Penalties will get stiffer for committing crimes against police dogs under a bill signed Tuesday by Gov. Ron DeSantis.
The bill (HB 1047) will increase the penalty from a first-degree misdemeanor to a third-degree felony for “intentionally maliciously” touching, striking or causing bodily harm to dogs working with police, search-and-rescue officials or firefighters.
The increased penalty also would apply to people who harm police horses.
“In Florida, back-the-blue includes supporting our K-9s that fearlessly protect their handlers and use their unique skills to help people in ways that humans cannot,” DeSantis said in a prepared statement. “If criminals choose to intentionally harm these animals, the penalties must be harsh.”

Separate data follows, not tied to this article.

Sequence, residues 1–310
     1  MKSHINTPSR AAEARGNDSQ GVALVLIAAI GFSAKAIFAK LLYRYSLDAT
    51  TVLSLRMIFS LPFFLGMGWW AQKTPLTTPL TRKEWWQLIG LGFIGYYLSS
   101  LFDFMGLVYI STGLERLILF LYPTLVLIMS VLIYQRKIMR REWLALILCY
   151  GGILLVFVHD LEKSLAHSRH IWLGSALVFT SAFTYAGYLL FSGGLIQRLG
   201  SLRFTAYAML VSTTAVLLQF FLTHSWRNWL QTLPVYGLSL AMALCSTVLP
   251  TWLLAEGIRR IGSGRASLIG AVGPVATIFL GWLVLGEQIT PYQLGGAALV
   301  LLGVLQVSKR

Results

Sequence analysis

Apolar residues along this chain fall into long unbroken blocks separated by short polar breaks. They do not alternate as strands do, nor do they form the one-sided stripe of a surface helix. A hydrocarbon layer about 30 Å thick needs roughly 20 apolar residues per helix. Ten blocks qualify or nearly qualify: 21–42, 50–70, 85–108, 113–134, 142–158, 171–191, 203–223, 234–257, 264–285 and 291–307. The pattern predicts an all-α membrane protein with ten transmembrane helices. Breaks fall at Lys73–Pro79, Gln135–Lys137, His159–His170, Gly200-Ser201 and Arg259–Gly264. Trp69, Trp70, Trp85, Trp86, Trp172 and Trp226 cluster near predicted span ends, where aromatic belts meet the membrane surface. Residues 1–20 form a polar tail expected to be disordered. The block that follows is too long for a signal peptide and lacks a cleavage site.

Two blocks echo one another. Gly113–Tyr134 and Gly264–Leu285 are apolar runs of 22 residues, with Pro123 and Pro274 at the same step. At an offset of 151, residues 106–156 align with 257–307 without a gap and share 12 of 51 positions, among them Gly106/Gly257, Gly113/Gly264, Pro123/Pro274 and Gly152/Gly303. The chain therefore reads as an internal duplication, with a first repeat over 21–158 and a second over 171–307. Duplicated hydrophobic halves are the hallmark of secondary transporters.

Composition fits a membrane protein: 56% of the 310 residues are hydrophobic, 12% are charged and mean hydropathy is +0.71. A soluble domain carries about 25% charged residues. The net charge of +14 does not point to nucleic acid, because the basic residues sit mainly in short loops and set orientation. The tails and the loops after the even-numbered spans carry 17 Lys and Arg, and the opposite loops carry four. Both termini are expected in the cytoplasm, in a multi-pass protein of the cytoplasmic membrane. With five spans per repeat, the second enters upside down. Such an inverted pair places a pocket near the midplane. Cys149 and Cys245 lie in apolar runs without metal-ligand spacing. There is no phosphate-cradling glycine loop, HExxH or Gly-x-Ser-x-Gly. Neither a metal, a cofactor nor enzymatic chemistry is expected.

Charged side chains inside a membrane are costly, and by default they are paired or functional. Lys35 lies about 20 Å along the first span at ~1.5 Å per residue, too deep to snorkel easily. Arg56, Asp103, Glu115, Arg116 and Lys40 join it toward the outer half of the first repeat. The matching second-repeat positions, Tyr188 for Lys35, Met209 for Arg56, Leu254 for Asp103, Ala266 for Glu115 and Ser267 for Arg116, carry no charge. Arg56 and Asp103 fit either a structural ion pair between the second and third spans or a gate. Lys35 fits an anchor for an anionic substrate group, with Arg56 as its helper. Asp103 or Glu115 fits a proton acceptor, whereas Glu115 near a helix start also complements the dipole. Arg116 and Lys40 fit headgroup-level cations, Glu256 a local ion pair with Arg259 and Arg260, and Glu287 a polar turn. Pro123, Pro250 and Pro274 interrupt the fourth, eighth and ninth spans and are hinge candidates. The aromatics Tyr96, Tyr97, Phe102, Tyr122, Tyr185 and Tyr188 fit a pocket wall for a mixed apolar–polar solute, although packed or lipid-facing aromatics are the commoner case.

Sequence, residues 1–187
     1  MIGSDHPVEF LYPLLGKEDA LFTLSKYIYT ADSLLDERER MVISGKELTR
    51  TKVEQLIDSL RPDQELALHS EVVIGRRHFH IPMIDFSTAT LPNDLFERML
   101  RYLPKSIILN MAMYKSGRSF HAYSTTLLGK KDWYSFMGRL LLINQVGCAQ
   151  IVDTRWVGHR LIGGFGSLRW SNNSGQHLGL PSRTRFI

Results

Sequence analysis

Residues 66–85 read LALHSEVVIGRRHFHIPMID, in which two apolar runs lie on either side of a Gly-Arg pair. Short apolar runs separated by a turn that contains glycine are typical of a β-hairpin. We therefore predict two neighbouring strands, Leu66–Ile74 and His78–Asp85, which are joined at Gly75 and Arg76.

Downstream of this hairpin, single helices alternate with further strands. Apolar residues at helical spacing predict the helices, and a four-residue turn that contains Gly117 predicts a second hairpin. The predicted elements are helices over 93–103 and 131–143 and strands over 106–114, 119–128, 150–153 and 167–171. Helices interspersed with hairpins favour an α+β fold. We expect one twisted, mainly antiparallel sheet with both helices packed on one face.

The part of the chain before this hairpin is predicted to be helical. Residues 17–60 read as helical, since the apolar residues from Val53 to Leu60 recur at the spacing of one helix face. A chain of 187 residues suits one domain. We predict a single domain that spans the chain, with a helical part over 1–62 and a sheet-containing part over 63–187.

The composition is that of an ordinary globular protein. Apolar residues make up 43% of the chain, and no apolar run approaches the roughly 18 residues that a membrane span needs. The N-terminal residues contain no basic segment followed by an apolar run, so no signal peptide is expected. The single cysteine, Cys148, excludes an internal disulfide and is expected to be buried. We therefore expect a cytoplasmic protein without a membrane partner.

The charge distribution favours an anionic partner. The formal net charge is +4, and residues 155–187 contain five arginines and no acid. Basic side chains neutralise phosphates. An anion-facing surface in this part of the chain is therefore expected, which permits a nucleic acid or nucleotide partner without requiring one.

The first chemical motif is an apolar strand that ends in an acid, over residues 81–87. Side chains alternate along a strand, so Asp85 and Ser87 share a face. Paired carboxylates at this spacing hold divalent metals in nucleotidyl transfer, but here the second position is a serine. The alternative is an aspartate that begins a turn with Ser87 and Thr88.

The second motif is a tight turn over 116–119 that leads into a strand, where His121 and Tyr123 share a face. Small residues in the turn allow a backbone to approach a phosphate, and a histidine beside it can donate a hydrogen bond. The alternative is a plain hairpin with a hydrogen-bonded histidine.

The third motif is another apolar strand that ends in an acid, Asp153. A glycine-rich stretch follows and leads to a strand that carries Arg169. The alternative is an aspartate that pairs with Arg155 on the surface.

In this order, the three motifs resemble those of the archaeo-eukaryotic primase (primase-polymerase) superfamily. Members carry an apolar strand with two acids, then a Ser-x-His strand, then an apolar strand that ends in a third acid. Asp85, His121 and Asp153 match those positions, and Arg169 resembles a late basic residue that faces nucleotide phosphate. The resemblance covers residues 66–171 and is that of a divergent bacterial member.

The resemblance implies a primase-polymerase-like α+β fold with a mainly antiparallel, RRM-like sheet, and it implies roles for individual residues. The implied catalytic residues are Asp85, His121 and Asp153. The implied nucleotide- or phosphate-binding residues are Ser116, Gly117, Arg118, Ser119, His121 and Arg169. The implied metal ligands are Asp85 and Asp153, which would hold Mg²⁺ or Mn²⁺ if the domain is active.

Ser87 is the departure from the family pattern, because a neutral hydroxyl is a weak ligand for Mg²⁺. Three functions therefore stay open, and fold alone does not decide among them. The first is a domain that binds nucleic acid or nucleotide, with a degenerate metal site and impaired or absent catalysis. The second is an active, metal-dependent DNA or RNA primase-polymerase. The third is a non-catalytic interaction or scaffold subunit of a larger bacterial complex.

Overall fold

Penalties will be bumped up from second-degree to first-degree misdemeanors for people who interfere or attempt to interfere with police dogs or horses performing their duties.
The law also will make it a third-degree felony to “knowingly and willfully” resist, obstruct or oppose police dogs or horses “by offering or doing violence” to the animals.
The measure will go into effect in October.